Public Input Needed: FCC Broadband Map
Jefferson PUD’s broadband buildout efforts are largely the result of grant funding made available at the state and federal level to help rural communities. Our utility has been awarded more than $25M in grant funding, with additional grant proposals in the works to potentially bring totals to more than $40M. Without the massive influx of grant funds none of this work to benefit our community could be possible. Public input will help define much of the broadband funding field moving forward, and the Washington State Dept. of Commerce is asking businesses and residents to help determine Federal Communications Commission (FCC) mapping to help gauge need and equity of federal broadband funding.
Below is a release from the WA Dept. of Commerce regarding the FCC Broadband mapping and the importance for those with poor, adequate or great internet connections to verify the connectivity or challenge the current broadband ruling at your address:
Public Input on Federal Broadband Map
Deadline looms for verification and challenges to service data that will determine Washington’s share of significant federal broadband infrastructure funding
OLYMPIA, WA – Washington state’s three funding partners working to expand broadband access to all businesses and residents are asking the public to help check Federal Communications Commission (FCC) data in a recently published National Broadband Map. The Washington State Broadband Office (WSBO), Community Economic Revitalization Board (CERB), and Public Works Board (PWB) said the accuracy of this map is essential to future broadband funding in Washington, in particular, up to an estimated $900 million in federal Broadband Equity, Access and Deployment (BEAD) funding.
How you can help
All Washington residents are encouraged to participate in this important validation effort. Visit the state’s FCC Broadband Map webpage. This page provides step-by-step instructions to help people understand and navigate the FCC map and challenge process.
You will be asked to enter a home address to see a summary of the FCC’s data for that location, including the speed and type of connection, and local internet service providers for fixed and mobile broadband service to the location. If you believe the information is incorrect, options are provided for submitting an “Availability Challenge” or a “Mobile Challenge” to the FCC.
If you are concerned about publicly disclosing a challenge, the “WSU Information Collection Form” on the FCC Broadband Map webpage offers the opportunity to provide information about your service to the Washington State University Extension for crowdsourced bulk challenges that will not disclose individual data.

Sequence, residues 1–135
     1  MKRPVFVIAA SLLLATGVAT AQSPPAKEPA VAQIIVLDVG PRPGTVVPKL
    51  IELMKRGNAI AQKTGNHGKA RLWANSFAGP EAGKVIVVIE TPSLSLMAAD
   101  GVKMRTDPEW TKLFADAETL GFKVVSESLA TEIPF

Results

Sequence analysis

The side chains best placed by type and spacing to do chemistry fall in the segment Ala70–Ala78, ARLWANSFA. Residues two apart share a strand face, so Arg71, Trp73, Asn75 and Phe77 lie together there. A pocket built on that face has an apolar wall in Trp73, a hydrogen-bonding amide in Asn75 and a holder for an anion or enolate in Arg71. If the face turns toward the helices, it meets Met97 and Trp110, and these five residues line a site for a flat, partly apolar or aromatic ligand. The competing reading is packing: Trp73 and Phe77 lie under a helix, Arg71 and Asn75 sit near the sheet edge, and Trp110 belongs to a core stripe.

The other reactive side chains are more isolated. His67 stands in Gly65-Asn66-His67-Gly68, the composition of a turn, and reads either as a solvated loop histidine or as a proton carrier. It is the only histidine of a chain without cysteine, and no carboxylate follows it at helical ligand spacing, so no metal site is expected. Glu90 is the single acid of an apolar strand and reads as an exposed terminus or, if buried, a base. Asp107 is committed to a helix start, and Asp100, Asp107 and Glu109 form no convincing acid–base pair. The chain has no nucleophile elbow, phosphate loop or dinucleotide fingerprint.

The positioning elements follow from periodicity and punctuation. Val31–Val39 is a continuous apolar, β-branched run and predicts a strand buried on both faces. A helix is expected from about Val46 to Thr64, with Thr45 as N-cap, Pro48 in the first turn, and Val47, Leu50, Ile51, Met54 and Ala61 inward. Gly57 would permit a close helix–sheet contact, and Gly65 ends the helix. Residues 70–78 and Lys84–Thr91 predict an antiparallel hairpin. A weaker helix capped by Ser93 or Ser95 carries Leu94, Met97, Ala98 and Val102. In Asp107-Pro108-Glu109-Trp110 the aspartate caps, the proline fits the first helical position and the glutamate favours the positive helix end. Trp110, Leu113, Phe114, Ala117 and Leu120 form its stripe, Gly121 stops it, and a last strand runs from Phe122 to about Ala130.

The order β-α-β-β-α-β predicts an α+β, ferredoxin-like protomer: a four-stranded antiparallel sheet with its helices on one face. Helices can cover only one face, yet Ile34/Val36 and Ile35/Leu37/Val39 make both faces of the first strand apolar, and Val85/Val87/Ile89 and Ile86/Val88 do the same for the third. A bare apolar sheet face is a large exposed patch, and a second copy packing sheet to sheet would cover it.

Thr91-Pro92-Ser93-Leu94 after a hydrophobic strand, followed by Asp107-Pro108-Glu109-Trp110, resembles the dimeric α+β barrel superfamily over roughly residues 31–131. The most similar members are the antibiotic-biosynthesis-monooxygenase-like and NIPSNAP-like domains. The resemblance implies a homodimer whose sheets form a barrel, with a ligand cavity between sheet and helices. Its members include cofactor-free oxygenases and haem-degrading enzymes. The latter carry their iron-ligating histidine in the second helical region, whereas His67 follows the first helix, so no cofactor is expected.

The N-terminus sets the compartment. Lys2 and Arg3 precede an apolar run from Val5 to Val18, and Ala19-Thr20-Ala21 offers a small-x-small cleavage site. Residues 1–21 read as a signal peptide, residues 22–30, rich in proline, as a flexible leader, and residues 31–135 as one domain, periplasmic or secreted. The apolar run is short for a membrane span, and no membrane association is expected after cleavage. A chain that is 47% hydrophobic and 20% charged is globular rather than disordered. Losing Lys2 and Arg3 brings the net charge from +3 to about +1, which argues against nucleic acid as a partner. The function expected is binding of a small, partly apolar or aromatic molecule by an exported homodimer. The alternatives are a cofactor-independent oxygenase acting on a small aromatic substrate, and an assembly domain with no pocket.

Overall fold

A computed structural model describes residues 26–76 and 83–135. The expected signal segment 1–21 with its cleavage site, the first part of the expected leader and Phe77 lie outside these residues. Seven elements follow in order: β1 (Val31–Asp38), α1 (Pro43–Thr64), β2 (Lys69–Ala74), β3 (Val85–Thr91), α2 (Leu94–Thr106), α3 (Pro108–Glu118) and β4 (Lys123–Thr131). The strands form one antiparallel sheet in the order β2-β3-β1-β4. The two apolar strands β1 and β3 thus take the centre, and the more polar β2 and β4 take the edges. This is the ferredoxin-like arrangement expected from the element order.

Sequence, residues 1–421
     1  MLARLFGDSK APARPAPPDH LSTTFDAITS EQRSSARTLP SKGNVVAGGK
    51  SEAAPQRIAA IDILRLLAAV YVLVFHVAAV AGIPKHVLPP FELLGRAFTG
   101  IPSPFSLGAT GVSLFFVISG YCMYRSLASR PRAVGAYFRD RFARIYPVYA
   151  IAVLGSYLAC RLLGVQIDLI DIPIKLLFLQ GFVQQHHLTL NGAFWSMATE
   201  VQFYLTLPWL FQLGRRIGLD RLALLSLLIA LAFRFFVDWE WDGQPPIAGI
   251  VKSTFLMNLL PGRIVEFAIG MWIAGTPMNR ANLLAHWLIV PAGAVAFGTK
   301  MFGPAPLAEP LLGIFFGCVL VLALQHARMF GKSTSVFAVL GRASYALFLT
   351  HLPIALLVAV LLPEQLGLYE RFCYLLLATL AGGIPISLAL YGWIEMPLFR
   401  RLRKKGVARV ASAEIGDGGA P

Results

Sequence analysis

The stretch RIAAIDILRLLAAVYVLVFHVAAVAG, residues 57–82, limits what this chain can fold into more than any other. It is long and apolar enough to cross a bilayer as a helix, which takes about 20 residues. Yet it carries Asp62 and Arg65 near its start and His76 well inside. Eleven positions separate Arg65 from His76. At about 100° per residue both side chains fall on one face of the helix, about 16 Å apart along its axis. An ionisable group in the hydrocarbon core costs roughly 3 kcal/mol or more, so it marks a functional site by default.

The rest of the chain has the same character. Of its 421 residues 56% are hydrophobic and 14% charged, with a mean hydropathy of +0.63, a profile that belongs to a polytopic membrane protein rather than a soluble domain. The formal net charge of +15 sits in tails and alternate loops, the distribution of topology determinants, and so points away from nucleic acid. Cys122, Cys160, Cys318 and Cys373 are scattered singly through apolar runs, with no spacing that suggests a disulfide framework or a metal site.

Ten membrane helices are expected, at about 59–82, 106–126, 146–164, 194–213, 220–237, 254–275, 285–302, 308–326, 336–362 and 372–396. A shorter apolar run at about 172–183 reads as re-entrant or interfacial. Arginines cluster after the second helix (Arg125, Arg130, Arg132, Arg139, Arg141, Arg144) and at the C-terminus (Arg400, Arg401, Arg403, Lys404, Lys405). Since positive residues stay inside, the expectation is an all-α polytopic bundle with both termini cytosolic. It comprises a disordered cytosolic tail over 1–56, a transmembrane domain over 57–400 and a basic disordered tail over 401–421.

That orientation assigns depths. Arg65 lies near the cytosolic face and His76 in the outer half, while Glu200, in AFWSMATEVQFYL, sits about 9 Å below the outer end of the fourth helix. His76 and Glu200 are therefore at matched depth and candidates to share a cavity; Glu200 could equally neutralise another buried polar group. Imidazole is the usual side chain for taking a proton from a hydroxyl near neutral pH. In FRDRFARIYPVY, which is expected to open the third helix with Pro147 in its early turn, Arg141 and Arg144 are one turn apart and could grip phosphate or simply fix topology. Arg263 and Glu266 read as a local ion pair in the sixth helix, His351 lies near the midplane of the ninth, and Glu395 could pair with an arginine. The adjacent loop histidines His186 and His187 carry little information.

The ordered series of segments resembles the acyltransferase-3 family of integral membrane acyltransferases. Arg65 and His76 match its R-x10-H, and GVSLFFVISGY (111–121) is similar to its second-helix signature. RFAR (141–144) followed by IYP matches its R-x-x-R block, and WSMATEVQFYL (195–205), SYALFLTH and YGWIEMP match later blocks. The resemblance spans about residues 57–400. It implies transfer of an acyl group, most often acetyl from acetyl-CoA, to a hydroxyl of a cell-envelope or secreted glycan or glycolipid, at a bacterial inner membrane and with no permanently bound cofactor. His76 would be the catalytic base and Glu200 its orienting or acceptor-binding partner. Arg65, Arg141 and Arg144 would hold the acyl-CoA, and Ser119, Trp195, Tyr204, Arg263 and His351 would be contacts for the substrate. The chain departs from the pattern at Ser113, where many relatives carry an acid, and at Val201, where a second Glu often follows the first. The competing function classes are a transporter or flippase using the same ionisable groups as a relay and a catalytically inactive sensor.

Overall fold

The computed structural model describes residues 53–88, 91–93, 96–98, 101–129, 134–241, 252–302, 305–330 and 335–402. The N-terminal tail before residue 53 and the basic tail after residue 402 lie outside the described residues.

Those without a fixed (wired) or mobile broadband connection are especially encouraged to participate. A mobile phone, a friend or family member’s computer or a public access site, such as a school, community center or public library, can be used to enter a home address, review and, if needed, challenge the FCC’s data.
“We want Washington to be represented accurately on the FCC map,” said WSBO Director Mark Vasconi. “This is an opportunity for individual residents to let their voice be heard. It is also a time for organizations and government agencies to work together for Washington’s future. Digital equity starts with universal access to affordable internet, and the funding allocation for Washington will be defined by the accuracy of the FCC’s map.”
Each state’s BEAD funding allocation is based on their percentage of “unserved” households—those with an internet connection providing speeds at or below 25 megabits per second download and three megabits per second upload.
“Rural broadband infrastructure investments are essential for community growth. Connectivity has become an important part of everyone’s day-to-day life. However, there is still a large part of our communities that are unserved/underserved,” said CERB Board Chair Michael Echanove. “If internet service is not affordable and reliable, it is not available. Potentially there is historical funding that will be available to build-out broadband infrastructure in Washington’s unserved communities. How much the State receives is based on the data reported in the FCC map. The time is now, for all residents, businesses, and organizations to let the FCC know if they are not being served.”
“We encourage everyone, from individual residents to agencies and businesses, to enter a formal challenge and complete the WSU Information Collection Form if the map does not accurately portray their location’s service availability,” said PWB Broadband Committee Chair Ed Stern. “Corrections to this FCC map are essential for seeking an equitable solution to the broadband accessibility crisis.”
Challenges to the FCC National Broadband Map will be accepted on a rolling basis, but the Commission places priority on those received before January 13, 2023.